“We do need prayer in our schools not only for the students, but also the administration,” Page said. “I think we will see a great shift in the atmosphere if we all stand in one accord. God will be pleased with that.”

I’m always amazed at how people put words into god’s mouth and heart into god’s supposed emotional state. It’s such a stupid thing when it’s used to somehow move one’s position forward in a discussion.

Page said she likes the Web site. It explains other things to do while praying.

I guess that means I should go see what’s over there. The “Getting Started” page offer a few guidelines. I wonder how many people will take up this silly “challenge” over the course of the year. I can’t get the One Hour how-to without signing up but they do have a link to How to Spend the Day which offers some fun tidbits. I can’t copy/paste due to some holy pdf trickery (to make it harder to illustrate how dumb it is, I suppose) but I’m not wasting my ink on this tripe so I’ll just copy the old way with any bold and capital letters being original to the piece:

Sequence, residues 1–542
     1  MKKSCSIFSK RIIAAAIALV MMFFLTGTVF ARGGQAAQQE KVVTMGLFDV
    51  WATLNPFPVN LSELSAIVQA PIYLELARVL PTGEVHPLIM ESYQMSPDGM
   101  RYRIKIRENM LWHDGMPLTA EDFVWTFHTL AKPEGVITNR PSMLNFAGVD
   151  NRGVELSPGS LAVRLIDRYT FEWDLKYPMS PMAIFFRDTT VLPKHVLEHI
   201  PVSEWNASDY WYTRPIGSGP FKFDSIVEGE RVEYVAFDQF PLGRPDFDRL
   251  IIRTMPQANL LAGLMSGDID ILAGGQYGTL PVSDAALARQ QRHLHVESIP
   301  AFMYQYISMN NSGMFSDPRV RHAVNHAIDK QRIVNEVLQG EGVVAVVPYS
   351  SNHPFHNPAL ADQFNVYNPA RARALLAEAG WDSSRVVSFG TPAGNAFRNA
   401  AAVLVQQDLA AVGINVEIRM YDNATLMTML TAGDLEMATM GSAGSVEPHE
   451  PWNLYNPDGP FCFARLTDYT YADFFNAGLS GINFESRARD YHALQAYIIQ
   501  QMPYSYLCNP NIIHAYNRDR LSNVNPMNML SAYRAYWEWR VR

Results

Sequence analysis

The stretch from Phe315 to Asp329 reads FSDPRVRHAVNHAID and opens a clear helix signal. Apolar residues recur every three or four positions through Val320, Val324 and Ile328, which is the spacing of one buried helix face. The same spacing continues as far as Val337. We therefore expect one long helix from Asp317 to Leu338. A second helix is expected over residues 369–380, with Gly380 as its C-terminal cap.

Remember that true WORSHIP is walking in the Fear of the Lord…

Watch out for distractions … The enemy can use many forms of thought darts, many from TV or the internet…

Be alert! You are in a war zone! Watch out for enemy distractions – thought darts (yes, it’s really in there twice; it’s that serious), worry zones, false-guilt attacks, and thought “parades”…

You may spend longer times or shorter times in this Prayer Guide as the Spirit leads you. That is fine. He may bring up issues that are not mentioned here. Pray over the burdens He gives. Pray concerning the “burning” in your heart. Remember the Holy Spirit is The Guide in prayer. We are weak and ignorant and we must depend on him to guide us…